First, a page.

Blair v. Maynard, No. 16488

CourtSupreme Court of West Virginia
Writing for the CourtMcGRAW; This is an original proceeding in which the petitioner, Myrtle Sue Blair, seeks a writ of mandamus to compel the respondent; Stewart
Citation324 S.E.2d 391,174 W.Va. 247
PartiesMyrtle Sue BLAIR v. Elliott E. MAYNARD, Judge.
Docket NumberNo. 16488
Decision Date21 December 1984

Page 391

324 S.E.2d 391
174 W.Va. 247
Myrtle Sue BLAIR
v.
Elliott E. MAYNARD, Judge.
No. 16488.
Supreme Court of Appeals of
West Virginia.
Dec. 21, 1984.

Page 392

[174 W.Va. 248] Syllabus by the Court

1. Under West Virginia Constitution art. III, § 17, the right of self-representation in civil proceedings is a fundamental right which cannot be arbitrarily or unreasonably denied.

2. The fundamental right of self-representation recognized in West Virginia Constitution art. III, § 17 may not be denied without a clear showing in the record that the pro se litigant is engaging in a course of conduct which demonstrates a clear intention to obstruct the administration of justice.

Myrtle Sue Blair, pro se.

Gregory W. Bailey, Deputy Atty. Gen., Charleston, for respondent.

McGRAW, Justice:

This is an original proceeding in which the petitioner, Myrtle Sue Blair, seeks a [174 W.Va. 249] writ of mandamus to compel the respondent, Judge Elliott E. Maynard of the Circuit Court of Mingo County, to allow her to appear pro se in a civil action brought by the petitioner in that court. A trial in this case was previously begun in which the petitioner was acting as her own counsel. An early mistrial resulted, however, when the petitioner made certain improper remarks in her opening statement to the jury. 1 Subsequently, the respondent informed

Page 393

[174 W.Va. 250] the petitioner that the case would be set again for trial only when she had an attorney to assist her. The respondent maintains that, due to the petitioner's limited experience and the legal complexities of this particular case, allowing the petitioner to continue to appear as her own counsel will likely result in more mistrials, unfairly imposing additional burden and expense upon the defendants. The petitioner, also citing economic reasons, wishes to continue pro se.
I

Self-representation by a litigant was formerly a duty rather than a privilege or right. II W. Odgers & W. Odgers, The Common Law of England 1423 (1911). Preceding the gradual evolution of the legal profession, the common law requirement was that a party "should appear and conduct his own cause in his own words." 1 F. Pollock & F. Maitland, The History of English Law 211 (2nd ed. 1898). Even long after the establishment of the legal profession, self-representation often maintained a preferred, if not mandatory, status. In England, "not until 1837 was counsel allowed in cases of felony." T. Plucknett, A Concise History of the Common Law 435 (5th ed. 1956). For a variety of legal and cultural reasons, "it was only gradually that an attorney was allowed to take the place of his client for all purposes." II W. Holdsworth, A History of English Law 312 (4th ed. 1936).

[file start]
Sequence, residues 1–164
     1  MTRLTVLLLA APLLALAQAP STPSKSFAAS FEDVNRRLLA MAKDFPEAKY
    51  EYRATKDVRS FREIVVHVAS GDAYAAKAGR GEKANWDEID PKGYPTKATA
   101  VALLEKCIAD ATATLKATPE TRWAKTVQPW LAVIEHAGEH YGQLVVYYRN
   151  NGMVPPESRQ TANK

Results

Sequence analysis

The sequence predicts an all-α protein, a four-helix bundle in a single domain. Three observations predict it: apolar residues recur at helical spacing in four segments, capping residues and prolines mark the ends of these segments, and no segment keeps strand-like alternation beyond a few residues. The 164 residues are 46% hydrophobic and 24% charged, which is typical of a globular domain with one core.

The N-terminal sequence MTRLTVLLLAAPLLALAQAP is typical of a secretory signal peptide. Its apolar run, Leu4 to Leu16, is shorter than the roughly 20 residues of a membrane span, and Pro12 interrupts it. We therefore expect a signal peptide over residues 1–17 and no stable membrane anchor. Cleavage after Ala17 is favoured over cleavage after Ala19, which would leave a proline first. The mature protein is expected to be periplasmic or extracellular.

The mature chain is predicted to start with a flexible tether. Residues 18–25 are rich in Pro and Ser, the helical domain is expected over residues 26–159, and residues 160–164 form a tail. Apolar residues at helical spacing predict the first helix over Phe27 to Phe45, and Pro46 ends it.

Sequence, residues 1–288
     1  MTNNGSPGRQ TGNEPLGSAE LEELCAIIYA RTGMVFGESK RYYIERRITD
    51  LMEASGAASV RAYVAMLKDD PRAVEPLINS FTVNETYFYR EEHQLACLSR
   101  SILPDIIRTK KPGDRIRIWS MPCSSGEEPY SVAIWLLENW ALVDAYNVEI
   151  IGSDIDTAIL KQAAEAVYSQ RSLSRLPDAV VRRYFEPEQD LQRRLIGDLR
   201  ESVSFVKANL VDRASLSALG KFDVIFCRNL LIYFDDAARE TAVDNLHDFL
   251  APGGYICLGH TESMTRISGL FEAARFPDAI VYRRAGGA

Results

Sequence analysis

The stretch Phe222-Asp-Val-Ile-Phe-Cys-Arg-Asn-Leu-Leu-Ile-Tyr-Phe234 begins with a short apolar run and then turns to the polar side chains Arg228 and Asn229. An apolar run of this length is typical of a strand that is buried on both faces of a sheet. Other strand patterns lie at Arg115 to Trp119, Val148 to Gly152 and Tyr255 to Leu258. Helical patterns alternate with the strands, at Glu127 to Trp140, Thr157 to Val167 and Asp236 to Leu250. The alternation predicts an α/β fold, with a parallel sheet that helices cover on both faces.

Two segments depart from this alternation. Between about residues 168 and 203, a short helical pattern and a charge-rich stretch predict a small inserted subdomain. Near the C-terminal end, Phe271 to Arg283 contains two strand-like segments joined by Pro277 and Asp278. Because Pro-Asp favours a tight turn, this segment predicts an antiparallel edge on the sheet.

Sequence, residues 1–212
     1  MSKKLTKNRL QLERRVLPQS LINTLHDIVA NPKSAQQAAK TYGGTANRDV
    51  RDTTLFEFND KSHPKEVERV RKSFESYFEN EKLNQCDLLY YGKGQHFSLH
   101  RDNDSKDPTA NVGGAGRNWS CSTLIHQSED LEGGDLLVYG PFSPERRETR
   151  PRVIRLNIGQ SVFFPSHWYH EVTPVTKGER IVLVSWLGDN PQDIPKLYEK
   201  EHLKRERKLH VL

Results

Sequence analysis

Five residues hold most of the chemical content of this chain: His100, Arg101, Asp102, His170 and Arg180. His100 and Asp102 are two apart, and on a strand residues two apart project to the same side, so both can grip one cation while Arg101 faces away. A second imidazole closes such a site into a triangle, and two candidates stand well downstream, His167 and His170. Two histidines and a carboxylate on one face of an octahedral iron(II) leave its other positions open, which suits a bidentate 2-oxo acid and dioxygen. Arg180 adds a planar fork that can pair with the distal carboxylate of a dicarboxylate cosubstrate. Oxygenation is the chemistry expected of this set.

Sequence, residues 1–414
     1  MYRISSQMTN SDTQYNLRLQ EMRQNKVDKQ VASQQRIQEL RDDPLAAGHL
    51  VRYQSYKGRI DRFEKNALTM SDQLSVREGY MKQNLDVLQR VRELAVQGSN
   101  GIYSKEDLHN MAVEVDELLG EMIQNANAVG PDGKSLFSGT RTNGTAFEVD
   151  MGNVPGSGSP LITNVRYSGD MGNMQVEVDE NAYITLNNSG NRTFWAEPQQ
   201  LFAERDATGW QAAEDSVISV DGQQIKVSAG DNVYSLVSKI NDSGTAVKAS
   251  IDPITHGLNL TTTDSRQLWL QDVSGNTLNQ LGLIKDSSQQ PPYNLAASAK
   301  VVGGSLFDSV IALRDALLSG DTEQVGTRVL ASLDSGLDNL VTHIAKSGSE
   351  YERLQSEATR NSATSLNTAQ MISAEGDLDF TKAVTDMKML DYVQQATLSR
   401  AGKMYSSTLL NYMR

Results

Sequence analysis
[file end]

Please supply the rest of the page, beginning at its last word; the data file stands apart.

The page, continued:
Justice Stewart, in Faretta v. California, 422 U.S. 806, 95 S.Ct. 2525, 45 L.Ed.2d 562 (1975), concisely summarized the early American experience.

In the American Colonies the insistence upon a right of self-representation was, if anything, more fervent than in England.

The colonists brought with them an appreciation of the virtues of self-reliance and a traditional distrust of lawyers. When the Colonies were first settled, "the lawyer was synonymous with the cringing Attorneys-General and Solicitors-General of the Crown and the arbitrary Justices of the King's Court, all bent on the conviction of those who opposed the King's prerogatives, and twisting

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the law to secure convictions." This prejudice gained strength in the Colonies where "distrust of lawyers became an institution." Several Colonies prohibited pleading for hire in the 17th century. The prejudice persisted into the 18th century as "the lower classes came to identify lawyers with the upper class." The years of Revolution and Confederation saw an upsurge of antilawyer sentiment, a "sudden revival, after the War of Revolution, of the old dislike and distrust of lawyers as a class." In the heat of these sentiments the Constitution was forged.

This is not to say that the Colonies were slow to recognize the value of counsel in criminal cases. Colonial judges soon departed from ancient English practice and allowed accused felons the aid of counsel for their defense. At the same time, however, the basic right of self-representation was never questioned. We have found no instance where a colonial court required a defendant in a criminal case to accept as his representative an unwanted lawyer. Indeed, even where counsel was permitted, the general practice continued to be self-representation.

[174 W.Va. 251] 422 U.S. at 826-28, 95 S.Ct. at 2537, 45 L.Ed.2d at 576-77 (footnotes omitted).

Whether viewed as an inherent right, or guaranteed by constitution or statute, the right to act as one's own attorney in courts of law is still uniformly recognized. See, e.g., Phillips v. Tobin, 548 F.2d 408 (2nd Cir.1976); Sangster v. Sangster, 366 So.2d 1136 (Ala.Civ.App.1979); People v. Dunlap, 623 P.2d 408 (Colo.1981); Dobbins v. Dobbins, 234 Ga. 347, 216 S.E.2d 102 (1975), cert. denied, 423 U.S. 1019, 96 S.Ct. 455, 46 L.Ed.2d 391 (1975); Custom Builders, Inc. v. Clemons, 52 Ill.App.3d 399, 367 N.E.2d 537, 10 Ill.Dec. 149 (1977); State ex rel. Stephan v. O'Keefe, 235 Kan. 1022, 686 P.2d 171 (1984); Hickman v. Frerking, 4 Kan.App.2d 590, 609 P.2d 682 (1980); Ann Arbor Bank v. Weber, 338 Mich. 341, 61 N.W.2d 84 (1953); Maldonado v. State Board of Parole, 102 Misc.2d 880, 424 N.Y.S.2d 589 (1979); State v. Pledger, 257 N.C. 634, 127 S.E.2d 337 (1962); Akron v. Hardgrove Enterprises, Inc., 47 Ohio App.2d 196, 353 N.E.2d 628, 1 Ohio Op.3d 275 (1973); Washington State Bar Ass'n v. Great Western Union Savings and Loan Ass'n, 91 Wash.2d 48, 586 P.2d 870 (1978).

The right of parties to appear on their own behalf in the courts of this State is firmly rooted in our state constitution. In State v. Blosser, 158 W.Va. 164, 207 S.E.2d 186 (1974), this Court recognized that the right to assistance of counsel guaranteed to persons accused of crimes by West Virginia Constitution art. III, § 14 contained the correlative right of self-representation in criminal proceedings. In Syllabus point 2, this Court held that: